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Radar InvestigatesThe Bogies
Radar nominates the most bogus awards in America
DISHONORABLE MENTION In the lucrative world of token awards, the only loser is youSure, it's a great idea, but did your new invention win Strunk and White's 2006 Technology Innovation of the Year award? Didn't think so. There's no such thing—yet. Send us $50 and we can work something out.
In the rapidly expanding world of awards marketing, winning is rarely free. In fact, the dirty little secret is that it just might be better to give an award than to receive one, thanks to an ingenious pay-to-play model that involves perfunctory judging, zero accountability, and very little overhead—not to mention an extremely gullible public. Such prizes are now given out in the thousands every year. And some people have actually started making money compiling them into lists, people like Lynne Marcus, who charges $595 for her reference tome, Marketing with Honors. She also consults for companies seeking to give out awards, while at the same time collecting fees from companies hoping to win them. (No conflict here, she says: "If I'm running a competition, I try not to help people win it, too.")
Marcus admits that most corporate honors are far from scientific, or even reliable, because the vast majority are bestowed by for-profit enterprises. Many don't even pretend to be impartial; they just want the entry fee. In exchange, recipients can use their spurious accolades to convince the public to buy what they're selling. The system works, says Marcus, because "if you've won lots and lots of awards, consumers will believe you know what you're doing." That explains, for example, why Dell dedicates a major part of its website to the dozens of awards its won, including the prestigious Buyers Laboratory Inc. Outstanding Small Workgroup Color Printer Award. And why ExxonMobil, the world's largest oil company, crows online about the 54 awards its garnered in the categories of Health and Safety, Environment, and Social Responsibility.
In the spirit of competition, we took a closer look at some of the most grievous offenders in the field. The envelope, please ...
Given in four categories—
American Business, International Business, Women in Business, and Selling Power Sales Excellence—the Stevie Awards are the brainchild of Michael Gallagher who, after years in the media and tech industries, saw an opportunity to fill a desperate need for "the Oscars of business." He takes care of his own needs by charging entry fees up to $425 for consideration in 300 separate categories. Nominees have the option to buy $355 tickets to the gala, $1,200 ads in the banquet program, and $500 for the trophy if they happen to win. Gallagher gets companies like Pitney Bowes to sponsor the ceremony, offsetting his overhead costs. And since the awards are based on unverified applications filled out by entrants, you can cross off judging expenditures too.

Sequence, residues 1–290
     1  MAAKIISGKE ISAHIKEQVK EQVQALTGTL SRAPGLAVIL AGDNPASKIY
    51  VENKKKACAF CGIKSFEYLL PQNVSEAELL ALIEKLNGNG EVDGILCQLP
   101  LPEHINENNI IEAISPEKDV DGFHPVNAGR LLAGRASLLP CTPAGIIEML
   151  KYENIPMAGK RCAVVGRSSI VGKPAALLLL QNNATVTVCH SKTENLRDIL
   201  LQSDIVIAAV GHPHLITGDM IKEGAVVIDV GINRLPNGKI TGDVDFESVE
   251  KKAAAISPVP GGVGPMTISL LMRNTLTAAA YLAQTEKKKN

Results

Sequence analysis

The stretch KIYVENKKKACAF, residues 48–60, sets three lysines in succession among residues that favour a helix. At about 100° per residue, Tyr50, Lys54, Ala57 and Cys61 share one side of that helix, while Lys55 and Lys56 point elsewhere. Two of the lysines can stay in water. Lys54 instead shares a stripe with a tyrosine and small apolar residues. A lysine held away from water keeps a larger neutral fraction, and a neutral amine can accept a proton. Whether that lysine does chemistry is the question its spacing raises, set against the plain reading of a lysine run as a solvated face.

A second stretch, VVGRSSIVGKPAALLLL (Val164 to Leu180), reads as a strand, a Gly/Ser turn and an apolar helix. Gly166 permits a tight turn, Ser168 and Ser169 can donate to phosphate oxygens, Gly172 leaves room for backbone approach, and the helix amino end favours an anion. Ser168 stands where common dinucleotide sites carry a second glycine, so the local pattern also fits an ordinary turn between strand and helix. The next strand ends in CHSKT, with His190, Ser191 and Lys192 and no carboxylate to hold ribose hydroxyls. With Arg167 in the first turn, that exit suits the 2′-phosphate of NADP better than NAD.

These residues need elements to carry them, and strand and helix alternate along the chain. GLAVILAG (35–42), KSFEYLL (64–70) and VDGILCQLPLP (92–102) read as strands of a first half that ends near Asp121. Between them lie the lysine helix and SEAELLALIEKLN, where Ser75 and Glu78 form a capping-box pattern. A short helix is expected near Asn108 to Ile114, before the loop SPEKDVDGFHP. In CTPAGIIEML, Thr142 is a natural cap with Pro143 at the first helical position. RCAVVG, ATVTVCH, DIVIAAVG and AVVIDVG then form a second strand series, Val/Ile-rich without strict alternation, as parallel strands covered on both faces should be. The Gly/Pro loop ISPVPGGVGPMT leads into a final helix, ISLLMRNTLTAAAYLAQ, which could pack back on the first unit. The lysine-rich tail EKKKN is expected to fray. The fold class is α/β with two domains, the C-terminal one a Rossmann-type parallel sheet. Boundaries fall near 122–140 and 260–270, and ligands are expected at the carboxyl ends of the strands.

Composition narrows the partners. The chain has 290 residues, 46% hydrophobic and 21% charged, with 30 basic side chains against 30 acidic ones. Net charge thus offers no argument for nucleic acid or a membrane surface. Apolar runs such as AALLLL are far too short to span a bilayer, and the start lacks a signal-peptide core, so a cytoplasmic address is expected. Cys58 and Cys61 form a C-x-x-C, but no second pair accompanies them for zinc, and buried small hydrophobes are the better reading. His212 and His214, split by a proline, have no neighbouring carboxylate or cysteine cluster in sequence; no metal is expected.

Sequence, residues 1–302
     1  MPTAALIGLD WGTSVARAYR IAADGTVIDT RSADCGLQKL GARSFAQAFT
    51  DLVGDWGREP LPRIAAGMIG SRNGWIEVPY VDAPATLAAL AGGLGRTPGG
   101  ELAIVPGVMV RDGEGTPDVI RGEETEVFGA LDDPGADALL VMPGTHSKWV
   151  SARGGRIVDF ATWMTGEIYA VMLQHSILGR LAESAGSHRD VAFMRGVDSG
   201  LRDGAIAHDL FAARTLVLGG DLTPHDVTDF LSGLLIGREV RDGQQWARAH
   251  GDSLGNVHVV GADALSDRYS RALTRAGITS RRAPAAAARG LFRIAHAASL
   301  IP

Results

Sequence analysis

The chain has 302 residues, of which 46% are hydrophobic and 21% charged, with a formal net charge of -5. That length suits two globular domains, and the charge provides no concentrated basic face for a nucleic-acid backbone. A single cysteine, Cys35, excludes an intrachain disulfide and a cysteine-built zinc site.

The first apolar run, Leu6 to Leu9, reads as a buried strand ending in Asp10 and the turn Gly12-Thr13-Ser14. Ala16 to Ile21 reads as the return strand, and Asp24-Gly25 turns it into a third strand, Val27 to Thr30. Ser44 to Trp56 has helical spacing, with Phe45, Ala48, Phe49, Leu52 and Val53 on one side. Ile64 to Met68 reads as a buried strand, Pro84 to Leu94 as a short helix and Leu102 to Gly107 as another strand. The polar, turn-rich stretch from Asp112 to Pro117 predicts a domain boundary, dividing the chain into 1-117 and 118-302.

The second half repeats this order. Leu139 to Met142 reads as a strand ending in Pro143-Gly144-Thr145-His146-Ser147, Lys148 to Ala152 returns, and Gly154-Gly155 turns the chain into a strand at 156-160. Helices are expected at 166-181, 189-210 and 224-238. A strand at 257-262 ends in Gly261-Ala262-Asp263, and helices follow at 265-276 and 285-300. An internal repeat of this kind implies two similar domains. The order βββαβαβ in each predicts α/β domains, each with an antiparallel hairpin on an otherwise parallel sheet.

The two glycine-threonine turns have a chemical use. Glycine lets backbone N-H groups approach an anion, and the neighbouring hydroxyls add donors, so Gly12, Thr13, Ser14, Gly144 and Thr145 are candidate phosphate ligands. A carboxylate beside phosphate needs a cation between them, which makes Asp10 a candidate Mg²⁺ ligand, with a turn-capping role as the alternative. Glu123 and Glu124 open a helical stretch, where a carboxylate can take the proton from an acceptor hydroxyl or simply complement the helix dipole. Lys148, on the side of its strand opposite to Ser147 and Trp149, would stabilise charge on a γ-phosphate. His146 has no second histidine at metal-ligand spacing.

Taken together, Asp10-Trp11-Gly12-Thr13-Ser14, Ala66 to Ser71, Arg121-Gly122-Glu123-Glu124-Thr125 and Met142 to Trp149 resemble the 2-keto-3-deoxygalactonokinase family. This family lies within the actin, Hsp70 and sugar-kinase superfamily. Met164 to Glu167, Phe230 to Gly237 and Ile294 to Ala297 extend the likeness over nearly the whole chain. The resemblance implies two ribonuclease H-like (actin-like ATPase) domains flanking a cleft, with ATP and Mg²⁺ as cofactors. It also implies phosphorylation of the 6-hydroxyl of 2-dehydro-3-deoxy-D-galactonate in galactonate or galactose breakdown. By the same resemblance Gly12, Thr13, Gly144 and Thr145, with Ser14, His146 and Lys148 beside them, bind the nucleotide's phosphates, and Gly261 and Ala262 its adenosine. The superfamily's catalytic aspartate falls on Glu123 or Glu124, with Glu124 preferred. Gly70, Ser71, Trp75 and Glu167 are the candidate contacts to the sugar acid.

At a lavish June ceremony held at New York's Marriot Marquis—and emceed by CNN's Ali Velshi, author of the forthcoming It's Never Too Late To Start: Practical Lessons for Creating Wealth from Middle Age Onward—the incredibly long list of winners were announced. Among them were Julianne Martin of 1-800-Geeks-On-Call for America's Best Support Staffer and the giant utility concern Entergy Corp. for Best Employee Recognition Corporate Video. But we have to give the night to PostcardMania, which won the prize for Best Writing thanks in large part to an application that contained the following artfully-crafted prose: "The objective was ... imparting to all our visitors that they can be causative over their income and expansion by understanding marketing and implementing the basics we hope to teach with our articles." Give that company a Stevie!
File Under: Champion of Industry Award, Cinque Awards, Five Star Diamond Award, JD Powers and Associates, The Stevie Awards, WeatherRate
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Man, this is genius. Thanks, Ken for a great article. Well researched and a testament to your journalistic know-how. Keep 'em coming.
Posted by: CarlesterCrumpler | December 15, 2006 04:27 PM
I think the Stevie award went to 1800GeeksOnTime, not Geeks On Call. AO Geek
Posted by: aogeek | December 16, 2006 07:00 AM
Apparently you're not located in LA. Either that or you are oblivious to the fact that LA Metropolitan Transportation Authority (Metro) has been awarded "Transit System of the Year" by the American Public Transportation Association. The award sounded credible when it went to OCTA (Orange County) last year, but Metro??? What a joke.
Posted by: mcgeo52 | December 17, 2006 03:32 AM
count the golden globes as a bogie
Posted by: ladyli1 | December 17, 2006 01:19 PM
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